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One of the biggest leadership challenges is ego. Do you surround yourself with people who let you slide or hold you accountable? Tiger Woods can tell you how that works out. As his amazing talent dominated professional golf, nobody ever seemed to ask Tiger where he was or what he was doing.
Everyone needs accountability, especially the gifted leaders who think they don’t. Leaders need a healthy ego. Recently I dove into the book, Ego Is the Enemy, by Ryan Holiday and got a ton of insight into the problem and solutions.
“Early in our careers, ego impedes learning and the cultivation of talent. With success, it can blind us to our faults and sow future problems. In failure, it magnifies each blow and makes recovery more difficult,” Holidays writes. “At every stage, ego holds us back.”
So how do you reverse that, and do the things you really need to do as a great leader with humility? Here are 13 basic rules to follow for a healthy leadership ego.
1. Your reflection in our media-saturated culture is not real. Social media, reality TV and other self-promotions make us think we are more important than we are. People who are truly successful are “less invested in the story they tell about their own specialness,” Holiday writes. “They are liberated to accomplish the world-changing work they’ve set out to achieve.”
2. Success in one area doesn’t guarantee you will dominate another. The more success you have, the more you think you can do everything else well. The more competitive the industry (sports and politics come to mind), the more you see the false assumption that successful leadership translates across fields. Great leaders pause, assess and seek wise counsel so they can ensure they have clarity and humility for the new road.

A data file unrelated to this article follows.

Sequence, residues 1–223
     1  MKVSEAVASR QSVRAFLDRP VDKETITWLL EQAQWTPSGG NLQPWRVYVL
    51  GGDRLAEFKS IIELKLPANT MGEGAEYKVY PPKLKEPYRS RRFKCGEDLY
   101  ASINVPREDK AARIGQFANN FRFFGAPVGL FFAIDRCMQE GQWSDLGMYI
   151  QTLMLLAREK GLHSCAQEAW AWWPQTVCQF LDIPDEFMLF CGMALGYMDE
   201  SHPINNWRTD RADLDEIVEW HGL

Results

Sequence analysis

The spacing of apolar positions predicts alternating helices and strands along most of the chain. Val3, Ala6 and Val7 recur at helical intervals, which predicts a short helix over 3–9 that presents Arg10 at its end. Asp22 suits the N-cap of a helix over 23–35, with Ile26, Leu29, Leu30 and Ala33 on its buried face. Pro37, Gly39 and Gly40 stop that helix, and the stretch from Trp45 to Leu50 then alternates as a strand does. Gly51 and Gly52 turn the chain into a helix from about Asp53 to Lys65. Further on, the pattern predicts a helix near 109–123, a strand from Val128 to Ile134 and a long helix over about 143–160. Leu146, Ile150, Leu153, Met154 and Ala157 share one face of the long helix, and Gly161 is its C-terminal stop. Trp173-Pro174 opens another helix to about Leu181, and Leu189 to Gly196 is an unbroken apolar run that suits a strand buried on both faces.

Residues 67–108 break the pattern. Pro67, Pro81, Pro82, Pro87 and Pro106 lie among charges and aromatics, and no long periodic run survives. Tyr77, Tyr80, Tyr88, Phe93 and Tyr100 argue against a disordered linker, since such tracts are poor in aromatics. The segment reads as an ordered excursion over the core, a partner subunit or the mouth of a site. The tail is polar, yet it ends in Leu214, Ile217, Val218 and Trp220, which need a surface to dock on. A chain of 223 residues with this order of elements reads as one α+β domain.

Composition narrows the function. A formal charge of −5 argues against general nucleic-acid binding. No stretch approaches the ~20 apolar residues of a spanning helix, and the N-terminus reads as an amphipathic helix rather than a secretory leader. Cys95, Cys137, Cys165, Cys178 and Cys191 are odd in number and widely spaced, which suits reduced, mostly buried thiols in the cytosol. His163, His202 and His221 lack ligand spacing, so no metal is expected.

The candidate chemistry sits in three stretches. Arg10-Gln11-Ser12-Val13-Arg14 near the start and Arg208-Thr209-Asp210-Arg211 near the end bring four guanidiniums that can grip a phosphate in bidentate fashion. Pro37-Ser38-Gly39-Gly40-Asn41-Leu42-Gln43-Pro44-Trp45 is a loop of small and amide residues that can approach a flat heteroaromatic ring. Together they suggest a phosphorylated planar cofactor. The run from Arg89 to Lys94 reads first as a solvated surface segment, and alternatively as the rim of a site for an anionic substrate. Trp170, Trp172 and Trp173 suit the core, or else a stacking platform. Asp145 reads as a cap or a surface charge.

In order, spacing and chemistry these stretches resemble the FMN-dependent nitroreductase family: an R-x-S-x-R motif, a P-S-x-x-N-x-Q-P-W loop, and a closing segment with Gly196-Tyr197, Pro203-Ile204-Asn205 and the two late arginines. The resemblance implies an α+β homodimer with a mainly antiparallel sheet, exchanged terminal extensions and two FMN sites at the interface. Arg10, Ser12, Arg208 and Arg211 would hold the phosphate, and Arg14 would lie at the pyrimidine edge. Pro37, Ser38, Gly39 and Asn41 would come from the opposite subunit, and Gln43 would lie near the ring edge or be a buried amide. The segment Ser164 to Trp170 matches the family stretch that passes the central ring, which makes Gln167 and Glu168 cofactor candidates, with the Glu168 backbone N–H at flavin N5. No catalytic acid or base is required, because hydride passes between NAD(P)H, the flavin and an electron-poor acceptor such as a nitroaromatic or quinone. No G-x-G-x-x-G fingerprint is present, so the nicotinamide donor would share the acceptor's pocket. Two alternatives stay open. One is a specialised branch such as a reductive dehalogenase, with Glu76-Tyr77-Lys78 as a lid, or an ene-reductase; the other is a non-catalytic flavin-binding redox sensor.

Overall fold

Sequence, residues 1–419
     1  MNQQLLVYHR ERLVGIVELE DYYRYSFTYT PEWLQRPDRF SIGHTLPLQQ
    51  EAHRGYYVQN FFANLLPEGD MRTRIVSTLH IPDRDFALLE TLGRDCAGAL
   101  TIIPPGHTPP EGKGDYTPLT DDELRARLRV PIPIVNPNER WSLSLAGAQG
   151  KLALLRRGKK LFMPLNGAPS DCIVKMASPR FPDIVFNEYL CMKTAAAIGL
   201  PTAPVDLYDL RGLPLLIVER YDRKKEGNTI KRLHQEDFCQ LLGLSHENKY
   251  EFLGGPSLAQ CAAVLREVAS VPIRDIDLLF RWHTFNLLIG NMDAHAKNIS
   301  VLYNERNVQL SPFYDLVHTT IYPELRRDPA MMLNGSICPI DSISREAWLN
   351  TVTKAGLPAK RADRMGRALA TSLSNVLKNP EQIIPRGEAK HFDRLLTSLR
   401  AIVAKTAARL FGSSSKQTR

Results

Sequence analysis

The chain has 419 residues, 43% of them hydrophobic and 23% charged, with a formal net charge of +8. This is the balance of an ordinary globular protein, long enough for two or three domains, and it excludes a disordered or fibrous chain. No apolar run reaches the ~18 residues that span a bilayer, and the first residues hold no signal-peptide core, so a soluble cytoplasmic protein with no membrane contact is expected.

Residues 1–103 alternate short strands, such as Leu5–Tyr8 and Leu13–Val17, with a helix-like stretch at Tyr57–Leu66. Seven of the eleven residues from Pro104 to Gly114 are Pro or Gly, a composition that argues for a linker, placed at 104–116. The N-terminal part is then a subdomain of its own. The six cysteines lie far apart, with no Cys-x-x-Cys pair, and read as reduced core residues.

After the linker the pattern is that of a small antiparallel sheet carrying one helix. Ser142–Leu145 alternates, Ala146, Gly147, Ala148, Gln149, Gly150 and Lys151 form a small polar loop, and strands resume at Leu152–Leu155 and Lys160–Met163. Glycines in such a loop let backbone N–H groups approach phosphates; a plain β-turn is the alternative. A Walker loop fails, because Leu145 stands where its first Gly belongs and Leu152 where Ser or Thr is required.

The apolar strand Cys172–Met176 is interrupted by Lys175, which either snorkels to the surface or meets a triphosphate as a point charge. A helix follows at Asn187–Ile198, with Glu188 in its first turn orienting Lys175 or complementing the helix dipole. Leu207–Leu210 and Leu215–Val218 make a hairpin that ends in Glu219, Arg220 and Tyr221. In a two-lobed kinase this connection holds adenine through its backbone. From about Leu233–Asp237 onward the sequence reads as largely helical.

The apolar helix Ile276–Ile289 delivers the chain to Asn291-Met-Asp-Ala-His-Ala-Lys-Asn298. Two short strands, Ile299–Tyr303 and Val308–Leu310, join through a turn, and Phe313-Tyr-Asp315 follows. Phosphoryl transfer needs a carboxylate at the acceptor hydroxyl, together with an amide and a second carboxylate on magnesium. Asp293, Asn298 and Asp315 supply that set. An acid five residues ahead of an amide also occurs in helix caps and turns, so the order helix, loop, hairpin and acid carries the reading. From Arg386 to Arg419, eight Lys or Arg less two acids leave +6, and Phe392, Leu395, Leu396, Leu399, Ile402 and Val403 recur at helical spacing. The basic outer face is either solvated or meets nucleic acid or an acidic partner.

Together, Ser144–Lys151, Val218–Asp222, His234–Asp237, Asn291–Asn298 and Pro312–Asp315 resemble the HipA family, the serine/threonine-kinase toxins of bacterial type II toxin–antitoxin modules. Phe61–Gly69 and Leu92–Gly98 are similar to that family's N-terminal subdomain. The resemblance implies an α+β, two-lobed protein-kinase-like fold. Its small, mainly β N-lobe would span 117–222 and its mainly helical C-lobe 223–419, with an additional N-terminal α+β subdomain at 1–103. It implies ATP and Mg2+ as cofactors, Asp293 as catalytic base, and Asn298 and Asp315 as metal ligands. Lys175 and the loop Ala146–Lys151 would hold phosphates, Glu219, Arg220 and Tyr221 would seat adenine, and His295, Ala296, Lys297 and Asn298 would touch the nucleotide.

3. Don’t rest on your laurels. You think you’ve made it? That’s a problem. The best leaders never think this. They stay curious, always looking for growth and new possibilities for themselves and their team.
4. Learn from others. From literature to philosophy to history, countless talented people reached the highest levels of power and success by conquering their own egos. Ego Is the Enemy mentions Bill Belichick, Katharine Graham, George Marshall, Jackie Robinson and Eleanor Roosevelt.
5. Remind yourself of what’s beyond yourself. Here’s a list from Seth Godin.
6. Own your ownership. When your team falls short, ask: "What didn’t I do to prepare them?"
7. Value pushback. As a leader, I want my people to tell me how they feel and know that I will really listen. One team member attends my keynotes periodically and provides feedback that cuts through the positives to pinpoint little areas for improvement. It’s easy to get comfortable with the feedback you want to hear; make sure you have people who give you the feedback you need to hear. That’s how you get better. Find people like this and keep them near.
In Fearless At Work, I describe how to build new habits of leadership by trading old ways of thinking and behaving for new ones. These small shifts, over time, create a big impact for leaders who want to achieve a healthy ego.
1. A fearless leader trades defensiveness for curiosity.
2. A fearless leader trades insecurity for authenticity.
3. A fearless leader trades status for legacy.
4. A fearless leader trades entitlement for humility.
5. A fearless leader trades excuses for accountability.
6. A fearless leader trades perfection for productivity.
Becoming a vital, compassionate leader involves checking your ego. Good leaders think they are all that. Great leaders have the awareness of their true value and achieve greater results because their ego doesn’t rule them. Use these rules to establish a healthy leadership ego.
"Becoming a vital, compassionate leader involves checking your ego... Great leaders have the awareness of their true value and achieve greater results because their ego doesn’t rule them." — Molly Fletcher TWEET
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*This piece originally appeared on The Molly Fletcher Company blog.